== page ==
Likewise, the accounts payable balance shows the balance of your unpaid expenses. It does not show how much you’ve spent over the last quarter or year.
To find information such as expenses or revenue for a given period, you’ll use income statement accounts, which are temporary. The income statement shows a report of your business’s performance for a specific period, such as one year.
Types of Temporary Accounts
The four types of temporary accounts are revenue, expenses, gain and/or loss accounts, and drawing or dividend accounts:
Here’s a closer look at each type:
- Revenue: Financial accounts that record income earned through sales, rent, or interest.
- Expenses: Financial accounts that track the cost of your expenses, such as utilities, rent, or promotions.
- Gain and/or loss: Financial accounts that record a gain or loss on the sale of assets, like investments, property, or machinery.
- Drawing/dividend: Financial records showing owners taking money out of the business. Drawing accounts show owner’s draws and are used by sole proprietors, partnerships, and S-corps. Dividend accounts are used by corporations to track profits that get redistributed to shareholders.
As you can see, each type of temporary general ledger account is quite broad. Therefore, you may find it useful to create accounts within each category to track a specific metric.
For example, you may want to create several accounts in the expense category: one for tracking wages, one for rent, and one for advertising costs. So when you track rent-related costs in your ledger, you’ll use the rent expense account.
You may also choose to create a temporary income summary account, which helps with the end-of-the-year closing process. It’s where you combine all the other accounts and calculate net profit (or loss)—and transfer those funds to the right permanent accounts.
While this account isn’t completely necessary, it can help you keep a record of what money got transferred in case you undergo an audit.
Examples of Temporary Accounts
You or your accountant ultimately decide what temporary accounts to create, depending on what you want to track. But here are some examples of commonly used temporary accounts to help you get started.
- Sales income
- Interest income
- Cost of goods sold
- Purchase discounts
- Purchase allowances
- Purchase returns
- Payroll taxes
- Gain (or loss) from the sale of an asset
- Gain (or loss) from the sale of an investment
- Owner’s draw
Hourly payroll software makes it easy to run payroll and automatically calculate temporary account expenses, including wages, payroll taxes, and workers’ comp insurance payments—all in real time.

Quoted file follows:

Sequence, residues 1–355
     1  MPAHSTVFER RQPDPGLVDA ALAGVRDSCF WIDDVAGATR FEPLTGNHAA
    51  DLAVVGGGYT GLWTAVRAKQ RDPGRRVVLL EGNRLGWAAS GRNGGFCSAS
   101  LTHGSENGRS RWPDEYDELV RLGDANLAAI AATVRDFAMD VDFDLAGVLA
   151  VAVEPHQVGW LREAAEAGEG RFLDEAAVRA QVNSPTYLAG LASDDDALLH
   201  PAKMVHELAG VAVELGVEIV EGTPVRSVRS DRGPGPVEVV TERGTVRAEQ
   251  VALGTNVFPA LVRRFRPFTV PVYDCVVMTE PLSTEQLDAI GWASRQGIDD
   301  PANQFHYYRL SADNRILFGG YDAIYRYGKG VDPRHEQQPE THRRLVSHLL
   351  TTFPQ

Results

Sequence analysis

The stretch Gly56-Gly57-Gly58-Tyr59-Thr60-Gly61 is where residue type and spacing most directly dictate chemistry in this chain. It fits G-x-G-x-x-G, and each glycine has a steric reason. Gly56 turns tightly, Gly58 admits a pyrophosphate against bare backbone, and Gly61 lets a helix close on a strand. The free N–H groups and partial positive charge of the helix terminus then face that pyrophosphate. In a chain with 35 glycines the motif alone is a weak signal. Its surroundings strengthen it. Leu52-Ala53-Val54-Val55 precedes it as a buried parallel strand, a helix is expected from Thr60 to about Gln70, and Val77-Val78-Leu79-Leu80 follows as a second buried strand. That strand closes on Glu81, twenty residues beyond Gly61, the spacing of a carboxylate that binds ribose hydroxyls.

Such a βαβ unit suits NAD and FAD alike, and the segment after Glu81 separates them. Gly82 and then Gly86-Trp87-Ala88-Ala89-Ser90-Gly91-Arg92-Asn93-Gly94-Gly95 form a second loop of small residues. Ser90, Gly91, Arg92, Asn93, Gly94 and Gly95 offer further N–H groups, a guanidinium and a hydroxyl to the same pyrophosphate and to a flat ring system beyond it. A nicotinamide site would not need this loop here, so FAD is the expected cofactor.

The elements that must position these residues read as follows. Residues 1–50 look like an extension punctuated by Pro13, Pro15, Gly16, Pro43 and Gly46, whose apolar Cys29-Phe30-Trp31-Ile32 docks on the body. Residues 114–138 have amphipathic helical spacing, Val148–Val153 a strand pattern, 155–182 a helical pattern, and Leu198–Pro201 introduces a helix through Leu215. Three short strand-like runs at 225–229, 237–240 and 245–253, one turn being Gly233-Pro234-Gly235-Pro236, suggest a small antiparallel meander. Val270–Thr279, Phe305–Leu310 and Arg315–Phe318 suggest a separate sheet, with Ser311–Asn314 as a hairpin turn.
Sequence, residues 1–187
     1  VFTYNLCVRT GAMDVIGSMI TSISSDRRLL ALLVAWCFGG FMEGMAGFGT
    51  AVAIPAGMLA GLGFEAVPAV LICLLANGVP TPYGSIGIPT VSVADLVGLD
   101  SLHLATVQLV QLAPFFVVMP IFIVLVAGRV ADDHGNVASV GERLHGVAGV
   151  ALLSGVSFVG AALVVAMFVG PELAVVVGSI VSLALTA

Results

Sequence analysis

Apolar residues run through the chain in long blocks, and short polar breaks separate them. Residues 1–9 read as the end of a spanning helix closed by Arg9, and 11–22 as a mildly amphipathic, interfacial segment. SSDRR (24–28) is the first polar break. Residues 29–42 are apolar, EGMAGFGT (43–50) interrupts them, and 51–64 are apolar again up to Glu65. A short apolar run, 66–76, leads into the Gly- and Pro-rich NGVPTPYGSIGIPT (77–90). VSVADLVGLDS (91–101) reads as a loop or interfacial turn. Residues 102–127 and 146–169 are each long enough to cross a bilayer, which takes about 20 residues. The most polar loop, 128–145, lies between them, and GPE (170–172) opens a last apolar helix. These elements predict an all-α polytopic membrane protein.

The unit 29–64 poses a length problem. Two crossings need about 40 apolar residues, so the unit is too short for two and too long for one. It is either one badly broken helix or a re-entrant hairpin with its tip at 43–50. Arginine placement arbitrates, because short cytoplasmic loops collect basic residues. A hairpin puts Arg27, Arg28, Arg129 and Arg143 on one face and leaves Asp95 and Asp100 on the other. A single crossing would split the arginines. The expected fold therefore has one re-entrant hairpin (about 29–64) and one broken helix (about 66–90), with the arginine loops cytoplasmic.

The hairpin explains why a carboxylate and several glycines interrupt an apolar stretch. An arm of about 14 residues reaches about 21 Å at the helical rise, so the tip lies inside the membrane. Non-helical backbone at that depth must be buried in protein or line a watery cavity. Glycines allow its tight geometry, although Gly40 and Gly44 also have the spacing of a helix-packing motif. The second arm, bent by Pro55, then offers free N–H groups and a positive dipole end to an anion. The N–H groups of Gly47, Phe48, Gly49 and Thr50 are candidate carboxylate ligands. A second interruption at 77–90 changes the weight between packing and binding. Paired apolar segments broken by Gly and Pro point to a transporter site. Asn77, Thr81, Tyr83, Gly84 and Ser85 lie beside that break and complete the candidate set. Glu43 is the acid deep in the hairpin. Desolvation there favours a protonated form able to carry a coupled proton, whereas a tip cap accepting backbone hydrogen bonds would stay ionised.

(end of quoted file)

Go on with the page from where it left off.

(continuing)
Types of Permanent Accounts
Permanent accounts typically fall into one of three categories.
- Asset: Asset accounts keep track of all the things of value that your business owns. Assets can be tangible (equipment, vehicles) or intangible (patents, stocks).
- Liability: Liability accounts track everything your business owes, including expenses and debt, such as loans or mortgages.
- Equity: Equity accounts track business ownership based on the money that owners have invested.
Examples of Permanent Accounts
Examples of permanent (or non-temporary) accounts include:
- Cash and cash equivalents
- Accounts receivable
- Accounts payable
- Interest payable
- Wages payable
- Taxes payable
- Retained earnings
- Owner’s equity
Making Sense of Your Business Accounts
Whether you run a small business or a large corporation, it’s helpful to understand the different types of accounts used in the accounting process.
That way, you can make sense of your bookkeeping and check on your business goals. For example, did you make as much profit as you wanted over the last quarter? Or do you have enough cash flow to pay out bonuses?
Temporary accounts track your company’s performance over a given period and get reset when the next period begins. Permanent accounts keep track of your business’s overall progress because they are cumulative.
So now you know all there is to know about permanent and temporary accounts, all that’s left to do? Get that spreadsheet out and start crunching numbers!